Hundreds of brave journalists in Turkey took to the streets of Istanbul this week to protest new laws tightening censorship of the Internet.

In early February, Azerbaijani journalist Mahir Zeynalov was expelled from Turkey for the crime of “insulting the prime minister” in a Twitter post, the first since 1995 to be expelled.

If banning insults to Prime Minister Tayip Erdogan, the head of the ruling Islamist Justice and Development Party, was not bad enough, a Turkish court ordered a ban on media investigations of a burgeoning weapons smuggling scandal involving Turkey’s National Intelligence Organization running convoys into Syria. This time, the censorship is in the name of national security.

“This blatant act of censorship violates the Turkish population’s right to be informed about a matter of public interest,” said Johann Bihr, the head of the Reporters Without Borders Eastern Europe and Central Asia desk.

But it is all par for the course of the Erdogan government. Turkey has one of the worst records on media freedom in the world. This is not a new phenomenon, but one greatly exacerbated since December 2013, when a massive scandal revealed corruption throughout the police, justice system, and government. Since then, the Erdogan government has frantically tried to crack down on journalists to contain the scandal. The prime minister himself regularly singles out individual reporters by name for attack.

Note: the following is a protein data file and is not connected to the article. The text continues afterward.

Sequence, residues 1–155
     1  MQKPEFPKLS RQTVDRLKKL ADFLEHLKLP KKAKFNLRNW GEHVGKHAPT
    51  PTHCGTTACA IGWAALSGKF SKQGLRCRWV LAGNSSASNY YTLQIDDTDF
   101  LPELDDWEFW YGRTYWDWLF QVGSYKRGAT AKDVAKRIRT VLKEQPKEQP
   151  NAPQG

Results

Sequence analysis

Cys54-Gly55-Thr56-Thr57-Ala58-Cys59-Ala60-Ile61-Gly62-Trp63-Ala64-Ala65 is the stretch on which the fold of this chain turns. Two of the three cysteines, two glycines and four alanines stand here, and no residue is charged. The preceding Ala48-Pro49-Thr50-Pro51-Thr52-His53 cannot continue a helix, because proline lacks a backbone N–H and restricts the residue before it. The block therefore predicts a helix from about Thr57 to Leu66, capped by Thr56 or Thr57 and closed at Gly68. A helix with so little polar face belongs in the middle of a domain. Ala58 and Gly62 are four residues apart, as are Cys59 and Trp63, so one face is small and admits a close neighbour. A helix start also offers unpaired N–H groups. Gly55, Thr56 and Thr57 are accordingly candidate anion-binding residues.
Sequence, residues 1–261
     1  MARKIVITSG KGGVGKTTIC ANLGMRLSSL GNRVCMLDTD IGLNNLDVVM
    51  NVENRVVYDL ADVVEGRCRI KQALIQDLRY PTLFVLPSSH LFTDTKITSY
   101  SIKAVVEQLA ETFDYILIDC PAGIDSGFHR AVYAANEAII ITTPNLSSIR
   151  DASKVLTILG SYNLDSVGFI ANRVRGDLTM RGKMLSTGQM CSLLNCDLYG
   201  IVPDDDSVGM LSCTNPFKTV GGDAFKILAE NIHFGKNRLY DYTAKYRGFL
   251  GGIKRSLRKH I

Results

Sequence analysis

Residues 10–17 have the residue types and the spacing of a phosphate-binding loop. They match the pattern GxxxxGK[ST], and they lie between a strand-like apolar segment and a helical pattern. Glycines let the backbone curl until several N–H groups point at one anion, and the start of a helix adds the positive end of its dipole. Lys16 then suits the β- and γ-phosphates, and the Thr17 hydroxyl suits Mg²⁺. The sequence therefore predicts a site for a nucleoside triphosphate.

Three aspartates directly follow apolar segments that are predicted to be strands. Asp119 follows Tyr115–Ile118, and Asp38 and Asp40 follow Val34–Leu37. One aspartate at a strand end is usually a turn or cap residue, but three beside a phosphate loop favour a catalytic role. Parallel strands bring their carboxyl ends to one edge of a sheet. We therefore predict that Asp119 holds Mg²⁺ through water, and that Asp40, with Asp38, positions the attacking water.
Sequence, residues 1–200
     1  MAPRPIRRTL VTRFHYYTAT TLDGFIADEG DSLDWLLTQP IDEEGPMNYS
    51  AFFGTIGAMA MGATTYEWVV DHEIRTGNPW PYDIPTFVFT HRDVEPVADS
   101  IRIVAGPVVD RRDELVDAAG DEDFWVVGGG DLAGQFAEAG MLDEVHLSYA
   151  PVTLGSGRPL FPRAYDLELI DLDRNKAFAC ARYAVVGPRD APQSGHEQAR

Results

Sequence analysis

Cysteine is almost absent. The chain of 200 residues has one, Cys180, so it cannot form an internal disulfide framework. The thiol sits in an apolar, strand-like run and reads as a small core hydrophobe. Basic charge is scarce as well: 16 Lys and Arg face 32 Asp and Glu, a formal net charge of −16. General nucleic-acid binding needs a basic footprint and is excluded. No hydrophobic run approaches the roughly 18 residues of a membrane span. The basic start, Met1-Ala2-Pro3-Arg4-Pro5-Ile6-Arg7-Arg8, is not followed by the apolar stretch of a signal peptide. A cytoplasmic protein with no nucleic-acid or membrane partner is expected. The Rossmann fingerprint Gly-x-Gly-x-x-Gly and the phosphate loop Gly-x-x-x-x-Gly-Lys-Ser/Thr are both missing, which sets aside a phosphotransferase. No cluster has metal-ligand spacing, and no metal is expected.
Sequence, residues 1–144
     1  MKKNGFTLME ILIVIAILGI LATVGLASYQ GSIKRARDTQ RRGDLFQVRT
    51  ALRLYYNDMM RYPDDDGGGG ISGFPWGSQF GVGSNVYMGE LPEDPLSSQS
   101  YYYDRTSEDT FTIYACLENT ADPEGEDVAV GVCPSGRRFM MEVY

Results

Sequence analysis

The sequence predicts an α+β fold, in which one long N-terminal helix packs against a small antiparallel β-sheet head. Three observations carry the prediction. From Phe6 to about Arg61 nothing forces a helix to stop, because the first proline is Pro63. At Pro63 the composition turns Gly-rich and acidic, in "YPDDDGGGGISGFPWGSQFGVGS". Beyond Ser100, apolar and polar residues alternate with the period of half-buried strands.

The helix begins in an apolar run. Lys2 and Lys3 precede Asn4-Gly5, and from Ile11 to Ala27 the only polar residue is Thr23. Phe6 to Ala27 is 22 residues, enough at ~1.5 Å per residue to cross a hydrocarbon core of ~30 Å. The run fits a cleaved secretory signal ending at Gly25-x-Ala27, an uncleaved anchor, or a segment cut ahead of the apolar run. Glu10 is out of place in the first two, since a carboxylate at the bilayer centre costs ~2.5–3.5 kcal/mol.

In Turkey today, there are no fewer than 28 journalists and media workers in detention. This number is exceeded only by China, which has 30 journalists jail. In the new 2014 Reporters Without Borders press freedom index, Turkey ranks a dismal 154th out of 180 countries listed.

These findings by Reporters Without Borders are echoed in a new special report, also published in February, on Turkey’s “Democracy in Crisis: Corruption, Media and Power” by Freedom House. It details efforts by Turkey’s government to limit public debate, deepening the country’s political and social polarization. Since December, according to Freedom House, 59 reporters have been fired for doing their jobs.

“The government must recognize that its efforts to control a free debate are further alienating Turkey’s citizens and could potentially threaten the country’s stability,” the report says. “It could also put at risk Turkey’s integration with Europe and its strong alliance with the United States.”

Turkey’s current direction is nothing less than dangerous and deeply destructive for its democratic institutions.